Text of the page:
Take a minute and think back to your high school days. Now that you have thought of some of your best memories and hopefully chuckled only a little, did any of those memories involve conceptualizing a product introduction that utilized a flexible circuit or rigidflex? I know mine didn’t. I didn’t give flexible circuitry much thought at all until I interviewed at a flexible circuit manufacturing company after graduating from college. Thankfully, I was hired for that job and my early years in the printed circuit board industry were focused almost exclusively on flex and rigid-flex. One of my favorite phrases to this day came from that time: “Flex is really only limited by your imagination.”
I am from the generation that saw flexible circuit application ideas take off outside of military and aerospace work. I remember the insulin pump being developed, and medical equipment—such as hearing aids—becoming smaller, lighter, and more portable. Flex technology and the number of flexible circuit applications is advancing at a staggering pace.
Figure 1: A student team from Abraham Lincoln High School in San Jose, California, pitches their product concept, driving technology, and business model to a panel of representatives. (Source: NextFlex)
With the demand for increasingly complex electronics, we see semi-additive processing, modified semi-additive processing, and flexible hybrid electronics technology (among others), advancing rapidly to meet those needs. Imagine being back in high school and getting introduced to these advanced electronics manufacturing technologies. Then, imagine the opportunity to earn college credit by participating in an entrepreneurial program that challenged you to conceptualize a new product introduction using this technology to solve a human health issue or develop a performance monitoring program where you would pitch your idea in a similar way to the business show “Shark Tank.” Wouldn’t that be fun!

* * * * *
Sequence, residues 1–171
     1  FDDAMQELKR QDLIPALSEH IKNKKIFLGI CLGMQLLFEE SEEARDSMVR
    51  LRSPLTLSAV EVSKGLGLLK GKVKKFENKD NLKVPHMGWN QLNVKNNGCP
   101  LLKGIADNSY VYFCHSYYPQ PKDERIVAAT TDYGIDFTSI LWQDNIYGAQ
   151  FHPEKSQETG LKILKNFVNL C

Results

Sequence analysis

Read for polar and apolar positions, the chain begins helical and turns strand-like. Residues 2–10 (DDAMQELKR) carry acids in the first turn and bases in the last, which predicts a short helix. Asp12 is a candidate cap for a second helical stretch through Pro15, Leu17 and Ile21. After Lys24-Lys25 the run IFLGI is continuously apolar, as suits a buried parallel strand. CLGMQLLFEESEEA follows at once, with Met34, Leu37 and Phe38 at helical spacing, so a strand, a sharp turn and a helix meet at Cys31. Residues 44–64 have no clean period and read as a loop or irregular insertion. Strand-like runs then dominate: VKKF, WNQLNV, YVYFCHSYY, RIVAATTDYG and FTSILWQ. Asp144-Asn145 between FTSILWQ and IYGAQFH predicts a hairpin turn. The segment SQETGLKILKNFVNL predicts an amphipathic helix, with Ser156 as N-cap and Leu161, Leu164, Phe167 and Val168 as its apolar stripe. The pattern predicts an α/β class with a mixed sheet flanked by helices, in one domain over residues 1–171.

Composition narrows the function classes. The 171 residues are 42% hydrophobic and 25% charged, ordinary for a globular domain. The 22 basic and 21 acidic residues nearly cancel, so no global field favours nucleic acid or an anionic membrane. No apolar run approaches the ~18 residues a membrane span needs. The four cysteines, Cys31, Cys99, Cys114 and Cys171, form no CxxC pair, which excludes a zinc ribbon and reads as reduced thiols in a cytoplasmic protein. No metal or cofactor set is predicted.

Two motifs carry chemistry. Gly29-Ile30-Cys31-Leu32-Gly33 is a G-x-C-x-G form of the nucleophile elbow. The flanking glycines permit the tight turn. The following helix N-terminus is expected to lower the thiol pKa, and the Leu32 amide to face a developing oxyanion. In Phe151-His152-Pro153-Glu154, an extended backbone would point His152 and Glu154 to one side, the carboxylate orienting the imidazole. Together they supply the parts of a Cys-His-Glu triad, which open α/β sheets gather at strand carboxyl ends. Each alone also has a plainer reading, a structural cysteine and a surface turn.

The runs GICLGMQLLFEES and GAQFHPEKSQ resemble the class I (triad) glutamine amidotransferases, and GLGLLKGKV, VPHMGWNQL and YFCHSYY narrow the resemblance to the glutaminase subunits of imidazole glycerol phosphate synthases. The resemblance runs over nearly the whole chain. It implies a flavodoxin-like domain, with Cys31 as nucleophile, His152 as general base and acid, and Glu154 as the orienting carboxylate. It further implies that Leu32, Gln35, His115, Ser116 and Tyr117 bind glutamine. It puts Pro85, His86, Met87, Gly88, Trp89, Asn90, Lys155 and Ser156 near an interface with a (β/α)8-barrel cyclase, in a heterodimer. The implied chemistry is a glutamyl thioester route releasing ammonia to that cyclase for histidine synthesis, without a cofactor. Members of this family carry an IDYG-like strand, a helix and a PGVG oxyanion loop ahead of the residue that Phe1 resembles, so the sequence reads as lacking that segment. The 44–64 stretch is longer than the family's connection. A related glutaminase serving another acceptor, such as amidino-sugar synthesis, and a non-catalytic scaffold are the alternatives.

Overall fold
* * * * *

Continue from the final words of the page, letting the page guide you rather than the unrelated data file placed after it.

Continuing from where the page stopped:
One exciting program that fosters this type of imagination and creativity in high schools is the NextFlex FlexFactor program. Over the past two years, NextFlex—America’s Flexible Hybrid Electronics Institute—has built and scaled an innovative educational program designed to create a pipeline of young people excited about and prepared for the advanced manufacturing careers of tomorrow.
Emily McGrath, deputy director of workforce development at NextFlex, describes the program: “The FlexFactor platform assembles all the actors in the labor market to allow students to visualize their future and understand the educational pathways to make that future a reality.
Through an amazing immersion experience, students, schools, higher education, and companies interact and bring advanced technologies and entrepreneurship into the classroom in a project-based learning approach that fits in any class, any subject, anywhere. Students leave the program convinced that they can and should be part of solving the big problems of our time and well into the future.”
Through FlexFactor, students are exposed to the vast range of professional opportunities in the advanced manufacturing sector. Skills needed for a career in industry are revealed in a way that is appealing and fun where student teams address a wide range of real-world problems—from cancer treatment and head trauma, to waste management and lunch lines. The conceptualized hardware solutions developed by students often feature an incredible array of revolutionary technologies, including advanced functional fabrics, Internet of Things (IoT) devices, cloud technology, augmented reality, flexible hybrid electronics, and more.
To read the full version of this article which originally appeared in the November 2018 issue of PCB007 Magazine, click here.